Article 3.0 of the FMA, in turn, provided that Principal "will be responsible for the operation and maintenance of the HVAC system at the College Point facility which responsibilities shall be the following support activities," which included "[l]andscaping and snow removal." Id. § 3.1. The FMA provided that Principal "will provide labor directly and/or sub-contract labor to perform the aforementioned services and functions." Id. § 3.2.

For the winter of 2014, Principal had subcontracted snow removal to C&C under a Snow Plow Agreement (SPA). See Rodriguez Decl. ex. 10, ECF No. 51-10. The SPA established the rates that Principal would pay C&C for snow plowing, which ranged between $7,900 and $15,750 based on the amount of snow, and the rates for ancillary services, such as $2,650 per application of salt. Id. The SPA also provided that "[a]ll work will be on an 'Automatic Basis' for snow accumulations of two (2") inch[es] or more, unless specified by the 'Customer' [Principal]. Snow removal of less than two (2") inches will be on an 'On-Call' by the 'Customer' basis." Id. However, C&C was not "responsible for plowing in between parked vehicles and/or trash containers." Id. Further, the SPA provided that "the Customer shall hold harmless City & County Paving Corp to the fullest extent permitted by law, its agents and/or employees, from and against all claims, damages, losses and expenses for bodily injury, illness and/or property damage which may arise after said contractor shall have finished its operation and performance of the work." Id.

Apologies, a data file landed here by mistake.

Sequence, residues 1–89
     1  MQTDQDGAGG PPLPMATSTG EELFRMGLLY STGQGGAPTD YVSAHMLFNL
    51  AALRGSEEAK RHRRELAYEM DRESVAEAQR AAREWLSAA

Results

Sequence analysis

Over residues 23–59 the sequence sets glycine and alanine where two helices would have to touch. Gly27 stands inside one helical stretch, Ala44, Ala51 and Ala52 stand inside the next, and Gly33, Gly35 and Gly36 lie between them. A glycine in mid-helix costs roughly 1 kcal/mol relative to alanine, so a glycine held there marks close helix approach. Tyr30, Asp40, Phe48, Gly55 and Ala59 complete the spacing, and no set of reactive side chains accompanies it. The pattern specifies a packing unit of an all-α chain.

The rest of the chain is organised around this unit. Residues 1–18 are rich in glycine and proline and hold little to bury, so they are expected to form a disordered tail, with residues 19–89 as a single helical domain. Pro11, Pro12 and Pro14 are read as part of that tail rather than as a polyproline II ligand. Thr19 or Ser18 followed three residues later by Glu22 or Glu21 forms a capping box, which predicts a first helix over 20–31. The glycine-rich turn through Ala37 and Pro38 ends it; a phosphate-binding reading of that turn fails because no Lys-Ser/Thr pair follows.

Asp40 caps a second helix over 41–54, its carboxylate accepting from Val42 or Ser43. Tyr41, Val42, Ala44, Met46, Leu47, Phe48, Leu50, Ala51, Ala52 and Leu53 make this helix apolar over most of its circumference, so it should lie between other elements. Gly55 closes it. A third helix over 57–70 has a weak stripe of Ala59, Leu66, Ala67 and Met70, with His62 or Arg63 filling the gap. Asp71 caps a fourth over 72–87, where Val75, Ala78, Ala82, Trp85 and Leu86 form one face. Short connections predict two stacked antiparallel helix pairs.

Several inches of snow had fallen the day before Klein's accident, February 5, 2014. Klein 56.1 Counterstatement to C&C ¶ 3; Rodriguez Decl. ex. 17 (local weather records). C&C had been on site to perform snow removal on February 5, as documented in an invoice sent from C&C to Principal. Klein 56.1 Counterstatement to C&C ¶ 17; Rodriguez Decl. ex. 14 at 3. According to the invoice, C&C had been on site from 3:00 a.m. to 4:30 p.m. on February 5, plowing between 4 and 6 inches of snow and salting the area twice. Klein 56.1 Counterstatement to C&C ¶ 17; Rodriguez Decl. ex. 14 at 3.